In the Tax Court, LDC argued that there was no understatement as there was no loss to Sars or the fiscus, considering that CGT would have in any event been paid in subsequent YOAs upon the on-transfer of the individual erven by KMC. This argument failed as the court accepted that Sars is given an annual target by the National Treasury to collect certain amounts of taxes and in order for the target to be reached, every cent counts.
Sars' witness convinced the Tax Court that a failure to disclose a sale with a value of R25.2m by a taxpayer would impact Sars negatively and affect the government’s ability to fulfil its constitutional obligations to South African citizens.
It transpired in the Tax Court proceedings that Sars sought to have the imposed understatement penalty increased to 50% in terms of section 129(3) of the TAA, which empowers the Tax Court to increase a Sars understatement penalty. Although the Tax Court allowed the parties to file supplementary heads of argument, it concluded that it could not increase the penalty with reference to the Supreme Court of Appeal's (SCA) decision in Purlish Holdings v The Commissioner for the South African Revenue Service (26 February 2019), wherein it was held that the Tax Court could increase the penalty where "the issue has been properly raised for adjudication before that court".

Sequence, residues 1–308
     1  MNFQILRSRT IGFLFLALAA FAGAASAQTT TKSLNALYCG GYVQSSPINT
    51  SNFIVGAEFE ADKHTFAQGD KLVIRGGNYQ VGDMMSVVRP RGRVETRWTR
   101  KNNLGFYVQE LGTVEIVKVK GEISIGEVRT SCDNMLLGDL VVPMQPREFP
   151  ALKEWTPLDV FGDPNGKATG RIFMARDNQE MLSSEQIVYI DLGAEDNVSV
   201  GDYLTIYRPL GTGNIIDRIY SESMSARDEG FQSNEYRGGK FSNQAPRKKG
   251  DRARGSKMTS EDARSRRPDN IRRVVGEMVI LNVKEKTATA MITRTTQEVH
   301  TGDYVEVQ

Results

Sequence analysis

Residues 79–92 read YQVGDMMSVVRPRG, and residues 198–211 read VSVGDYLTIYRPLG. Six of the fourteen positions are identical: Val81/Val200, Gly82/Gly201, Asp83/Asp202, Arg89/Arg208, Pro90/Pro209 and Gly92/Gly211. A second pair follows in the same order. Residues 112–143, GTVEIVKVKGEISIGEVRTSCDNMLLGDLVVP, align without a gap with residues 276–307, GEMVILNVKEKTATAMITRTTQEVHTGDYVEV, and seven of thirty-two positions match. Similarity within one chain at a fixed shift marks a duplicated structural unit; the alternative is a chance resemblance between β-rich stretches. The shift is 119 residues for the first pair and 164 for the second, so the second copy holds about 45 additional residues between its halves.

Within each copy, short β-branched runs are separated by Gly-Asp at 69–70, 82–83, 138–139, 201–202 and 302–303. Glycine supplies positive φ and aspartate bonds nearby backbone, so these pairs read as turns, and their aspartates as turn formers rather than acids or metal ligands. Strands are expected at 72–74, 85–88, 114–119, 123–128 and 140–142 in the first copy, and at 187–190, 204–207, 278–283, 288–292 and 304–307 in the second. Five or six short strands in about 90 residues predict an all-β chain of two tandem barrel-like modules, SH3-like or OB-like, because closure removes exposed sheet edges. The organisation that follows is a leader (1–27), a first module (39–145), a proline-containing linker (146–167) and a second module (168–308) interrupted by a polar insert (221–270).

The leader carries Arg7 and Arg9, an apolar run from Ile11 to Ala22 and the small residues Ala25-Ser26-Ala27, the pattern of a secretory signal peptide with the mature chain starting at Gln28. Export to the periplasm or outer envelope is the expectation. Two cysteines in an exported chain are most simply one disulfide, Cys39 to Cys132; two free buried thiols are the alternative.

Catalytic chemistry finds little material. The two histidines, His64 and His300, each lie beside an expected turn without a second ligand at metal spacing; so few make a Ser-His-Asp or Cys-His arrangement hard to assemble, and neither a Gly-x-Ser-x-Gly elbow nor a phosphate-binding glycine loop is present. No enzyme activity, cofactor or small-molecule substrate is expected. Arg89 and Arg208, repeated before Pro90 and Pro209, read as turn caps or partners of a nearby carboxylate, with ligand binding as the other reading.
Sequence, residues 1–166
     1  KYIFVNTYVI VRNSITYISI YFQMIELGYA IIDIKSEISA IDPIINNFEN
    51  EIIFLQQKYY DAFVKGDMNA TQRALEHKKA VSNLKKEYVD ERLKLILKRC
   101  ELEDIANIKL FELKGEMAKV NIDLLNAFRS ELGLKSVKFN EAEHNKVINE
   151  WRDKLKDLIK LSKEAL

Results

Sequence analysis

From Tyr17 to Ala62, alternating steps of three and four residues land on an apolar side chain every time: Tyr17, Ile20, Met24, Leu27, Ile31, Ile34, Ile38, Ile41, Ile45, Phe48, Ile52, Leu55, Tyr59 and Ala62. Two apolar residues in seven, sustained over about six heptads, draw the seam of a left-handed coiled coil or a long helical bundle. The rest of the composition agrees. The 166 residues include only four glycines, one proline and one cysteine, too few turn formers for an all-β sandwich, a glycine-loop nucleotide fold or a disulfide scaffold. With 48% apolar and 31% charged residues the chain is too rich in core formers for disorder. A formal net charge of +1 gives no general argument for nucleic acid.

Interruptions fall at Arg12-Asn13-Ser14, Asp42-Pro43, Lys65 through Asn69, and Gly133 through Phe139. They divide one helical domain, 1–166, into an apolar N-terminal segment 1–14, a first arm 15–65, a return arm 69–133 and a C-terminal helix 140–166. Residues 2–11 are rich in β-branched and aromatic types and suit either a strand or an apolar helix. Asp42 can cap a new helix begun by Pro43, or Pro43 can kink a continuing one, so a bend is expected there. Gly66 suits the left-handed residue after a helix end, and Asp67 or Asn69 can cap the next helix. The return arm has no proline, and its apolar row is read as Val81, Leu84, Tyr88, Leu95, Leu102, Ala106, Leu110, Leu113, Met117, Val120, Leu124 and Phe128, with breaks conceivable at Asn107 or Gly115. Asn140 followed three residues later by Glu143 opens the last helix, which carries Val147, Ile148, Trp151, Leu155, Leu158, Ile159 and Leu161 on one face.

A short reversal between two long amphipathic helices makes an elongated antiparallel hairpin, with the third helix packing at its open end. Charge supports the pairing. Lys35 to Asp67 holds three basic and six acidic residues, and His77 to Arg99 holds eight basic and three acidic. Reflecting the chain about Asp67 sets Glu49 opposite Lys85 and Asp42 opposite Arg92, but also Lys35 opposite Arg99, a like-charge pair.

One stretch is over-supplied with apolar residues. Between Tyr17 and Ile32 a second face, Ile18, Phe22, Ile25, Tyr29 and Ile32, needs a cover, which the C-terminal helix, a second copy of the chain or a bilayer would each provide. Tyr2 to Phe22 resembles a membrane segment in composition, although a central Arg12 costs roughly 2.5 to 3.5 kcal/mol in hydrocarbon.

Further, Rule 34 of the TAA Rules confines the issues in a Tax Court appeal to those issues contained in the parties' submissions (ie. Rules 31, 32, 33 statements). Aggrieved by the decision of the Tax Court to confirm the imposition of the understatement penalty, LDC appealed to the High Court.
The High Court focused on Sars' initial request to increase the understatement penalty and questioned the Sars' witness about how behaviour (ii) was identified as the most appropriate behaviour in respect of which the understatement penalty was imposed. Seemingly disappointed by the witness' response, the High Court raised the point that Sars could have imposed understatement penalties on the basis of behaviour (iii) ie. no reasonable grounds for tax position taken, which attracts a minimum penalty of 50%.